Factors Related to the Environment Evidence1. A history of collaboration or cooperation in the communityVolstate known as a source of community leadership as is Family & Children's Service, especially as it has been in existence for 70 years, and is also part of the United Way umbrella of services . Once the idea of partnering to establish the project was in place and understood by both organizations, the "name recognition" allowed us a respectable place to begin.2. The collaborative group is seen as a legitimate leader in the communityThe project supervisor/faculty member, had been implementing the project for 2 semesters prior to the formal partnership, thus the legitimacy of the project as well as the committment, reliability, and competency had been demonstrated at the time of initial collaboration. Too, the partners understood the academic institutions and community agencys overarching philosophy and mission of service-learning were aligned. *It helped having our Community Partner Preceptor as a VolState graduate.3. A favorable political and social climateNo opposition to partnering present while overall general support for service-learning and building community partnerships was/is highly encouraged by the Office of Service-Learning, Volunteerism and Cooperative Education. The project preceptor was also a "new" faculty member, thus the political and social climate seemed to be right for starting a collaborative project like this one.Factors Related to the Environment Evidence4. Mutual respect, understanding, and trust for members and their respective organizationsWe elected to begin with trust and a willingness to accept that each side would need to be obliging to "make this work." Visits/meetings to respective sites further established a sense of responsibility to others (2-1-1 callers, volunteer counselors, and student needs).5. An appropriate cross section of membersInitially, we thought that all the people involved in our collaboration represented a cross section of those who have a stake. We later learned of the additionally necessary parties needed for support (Division Dean, Department Chair of Faculty Member). 6. Members see collaboration in their self-interestService-learning and career development opportunities for students; Cost savings to Family and Children's Service $210,375 and movement towards accreditation7. The ability to compromiseExamples include restricting agency updates to six main course components; adjusting student tasks based on individual student capacity; adjusted schedules based upon overlapping obligations; flexible call center daysFactors Related to Process & Structure Evidence8. Members share a stake in process and outcome"Ownership" felt from both parties; feel benefits for callers, students, and community; student learning objectives; increase in capacity of 211 service to provide accurate information to callers in need or a crisis situation; newly- implemented listings provide access to resources desperately needed9. Multiple layers of participationEvery level (upper/middle management, operations) within each partner organization has at least some representation and ongoing involvement in collaborative initiative; agency leadership and Service-Learning Director10. Flexibility in both structure and methodsUpdate focus evolved to meet curriculum needs; assessment and survey methods advanced11. Development of clear roles and policy guidelinesMOU12. Adaptability or the ability of the collaborative group to sustain itself in the midst of changesThorough documentation and notes for each phase of project, weathered faculty change13. An appropriate pace of developmentCall center added; consistent timelines, project implementation parrallels school semesterFactors Related to Communication14. Open and frequent communicationregularly interact and provide updatesIn this high-tech era, there are many different gadgets and tools to foster and deliver communication. The trick is finding the best communication method for the partnership. What methods of communication will the partnership committee rely upon, and how often will the committee communicate with one another? These questions are vital; keeping one another informed of progress, challenges, and requests will steer the level of momentum achieved by the committee. If committee members decide to use electronic communication, it will be important that each member has electronic access.15. Established informal and formal communication linksformal meetings, email, texts; openly and regularlyImplement strategies that foster ongoing input and feedback among the partners. It is critical to maintain ongoing effective feedback and input from your service-learning partners and students. Open communication and follow-up to suggestions are key to sustaining service-learning partnerships.Factors Related to Purpose16. Clear attainable goals and objectives that are communicated to all partners and can be realistically attainedPartnership Agreement; established and reasonable17. Shared visionPartners share the credit for the partnerships accomplishment/s. Writing, co-led presentations/publications; both dedicated to mssion18. Unique purposeThe people in this collaborativegroup are dedicated to the idea thatwe can make this project work. Rise up to help one another if project deadlines overlap with other interferring obligations Factors Related to Resources19. Sufficient funds, staff, materials, and timeOur collaborative group has adequate people power to do what it wants to accomplish. Adds staff when needed. Community member staff has sufficient time to participate.Have you considered asking your community partners for readings, articles and reports that address the issues in your course? Community partners may also have access to their favorite poems, short stories, or monographs that may heighten awareness among students concerning the issues or topic being addressed in the service-learning course.20. Skilled leadershipStrong leadership skills; strong network of supportive leaders above project faculty; conference attendance, scholarly researchIs there a plan in place to prepare for turnover among key partners and staff? One way to avoid challenges related to turnover is to build a strong network of supporters and leaders. Your supporters may be involved in the day-to-day activities of the service-learning course, or may simply be advisers who offer insight and ideas. By fostering this network, the partnership has been infused with a greater number of potential future leaders and champions! Broaden the circle of supporters to include both internal and external leaders such as political, institutional, neighborhood, business, faculty and student leaders. Develop the leadership skills of all stakeholders. Leadership skills can be developed and supported by creating a professional development plan, subscribing to relevant journals and electronic listservs, attending conferences and other networking events.Mattessich, Paul W. et al. Collaboration: What Makes it Work (Second Edition), St. Paul, Minnesota: Amherst H. Wilder Foundation, 2001.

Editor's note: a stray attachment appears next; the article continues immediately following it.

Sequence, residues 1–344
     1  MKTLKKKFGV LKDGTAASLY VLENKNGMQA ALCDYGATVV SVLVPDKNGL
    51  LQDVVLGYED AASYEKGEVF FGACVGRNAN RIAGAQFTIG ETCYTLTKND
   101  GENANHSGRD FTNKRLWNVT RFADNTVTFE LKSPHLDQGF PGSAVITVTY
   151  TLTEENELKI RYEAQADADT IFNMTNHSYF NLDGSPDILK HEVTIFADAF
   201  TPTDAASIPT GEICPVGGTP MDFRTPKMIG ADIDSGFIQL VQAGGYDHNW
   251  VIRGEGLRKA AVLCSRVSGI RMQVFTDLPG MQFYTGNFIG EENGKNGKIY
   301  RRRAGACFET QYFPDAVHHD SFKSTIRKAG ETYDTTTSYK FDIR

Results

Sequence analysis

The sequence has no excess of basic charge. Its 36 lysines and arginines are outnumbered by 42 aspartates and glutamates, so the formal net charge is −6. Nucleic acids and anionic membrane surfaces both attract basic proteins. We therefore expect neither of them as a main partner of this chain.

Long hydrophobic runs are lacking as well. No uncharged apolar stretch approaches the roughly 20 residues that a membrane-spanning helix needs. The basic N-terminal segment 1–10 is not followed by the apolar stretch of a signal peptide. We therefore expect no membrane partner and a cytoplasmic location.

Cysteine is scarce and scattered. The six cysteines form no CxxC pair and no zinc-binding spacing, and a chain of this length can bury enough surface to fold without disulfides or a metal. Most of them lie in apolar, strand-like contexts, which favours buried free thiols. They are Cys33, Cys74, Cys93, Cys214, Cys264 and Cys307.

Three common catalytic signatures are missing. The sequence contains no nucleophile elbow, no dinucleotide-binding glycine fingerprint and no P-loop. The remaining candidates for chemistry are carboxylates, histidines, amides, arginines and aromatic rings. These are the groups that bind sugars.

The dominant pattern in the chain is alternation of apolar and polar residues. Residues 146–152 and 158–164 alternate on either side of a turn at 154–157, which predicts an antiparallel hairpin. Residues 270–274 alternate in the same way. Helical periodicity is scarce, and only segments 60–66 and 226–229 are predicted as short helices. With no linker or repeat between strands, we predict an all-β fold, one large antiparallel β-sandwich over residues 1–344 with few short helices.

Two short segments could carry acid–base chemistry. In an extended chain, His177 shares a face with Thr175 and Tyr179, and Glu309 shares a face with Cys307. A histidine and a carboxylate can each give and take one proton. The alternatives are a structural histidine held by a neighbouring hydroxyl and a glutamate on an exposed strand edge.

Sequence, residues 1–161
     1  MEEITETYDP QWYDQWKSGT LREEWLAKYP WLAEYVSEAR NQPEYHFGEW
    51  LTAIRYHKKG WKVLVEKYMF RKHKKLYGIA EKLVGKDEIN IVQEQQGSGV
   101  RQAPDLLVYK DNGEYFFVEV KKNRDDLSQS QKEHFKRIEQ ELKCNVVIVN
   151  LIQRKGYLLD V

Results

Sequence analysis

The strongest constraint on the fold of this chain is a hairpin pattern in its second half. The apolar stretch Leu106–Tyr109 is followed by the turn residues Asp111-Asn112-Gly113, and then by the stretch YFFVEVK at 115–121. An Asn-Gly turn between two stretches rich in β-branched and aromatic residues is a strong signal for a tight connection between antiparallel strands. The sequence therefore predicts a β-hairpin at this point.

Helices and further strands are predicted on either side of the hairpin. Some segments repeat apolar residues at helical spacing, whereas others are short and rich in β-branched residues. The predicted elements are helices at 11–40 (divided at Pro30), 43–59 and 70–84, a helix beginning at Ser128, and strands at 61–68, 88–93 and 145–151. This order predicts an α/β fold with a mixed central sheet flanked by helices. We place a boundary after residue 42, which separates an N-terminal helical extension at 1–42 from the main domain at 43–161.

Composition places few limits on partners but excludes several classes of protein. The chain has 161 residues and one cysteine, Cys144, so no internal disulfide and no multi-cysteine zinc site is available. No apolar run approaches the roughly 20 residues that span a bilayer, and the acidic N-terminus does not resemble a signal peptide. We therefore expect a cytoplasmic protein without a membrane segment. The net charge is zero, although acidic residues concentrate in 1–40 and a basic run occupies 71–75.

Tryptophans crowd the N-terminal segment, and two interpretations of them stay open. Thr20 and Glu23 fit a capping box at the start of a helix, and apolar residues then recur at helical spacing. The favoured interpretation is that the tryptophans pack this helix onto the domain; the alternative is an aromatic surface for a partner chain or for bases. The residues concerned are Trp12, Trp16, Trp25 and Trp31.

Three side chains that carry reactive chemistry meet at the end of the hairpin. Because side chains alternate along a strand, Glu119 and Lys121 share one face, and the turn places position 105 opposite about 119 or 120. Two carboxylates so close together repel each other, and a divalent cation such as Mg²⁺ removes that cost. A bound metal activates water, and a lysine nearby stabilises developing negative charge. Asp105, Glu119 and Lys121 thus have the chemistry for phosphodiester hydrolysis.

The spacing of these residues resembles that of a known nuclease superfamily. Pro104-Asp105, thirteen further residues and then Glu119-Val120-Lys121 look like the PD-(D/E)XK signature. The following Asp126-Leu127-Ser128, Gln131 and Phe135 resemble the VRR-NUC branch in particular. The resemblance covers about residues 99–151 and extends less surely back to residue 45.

Sheet1Twenty Factors that Influence Successful CollaborationsFactors Related to the Environment Factors Related to Membership CharacteristicsFactors Related to Process and StructureFactors Related to CommunicationFactors Related to PurposeFactors Related to ResourcesMattessich, Paul W. et al. Collaboration: What Makes it Work (Second Edition), St. Paul, Minnesota: Amherst H. Wilder Foundation, 2001.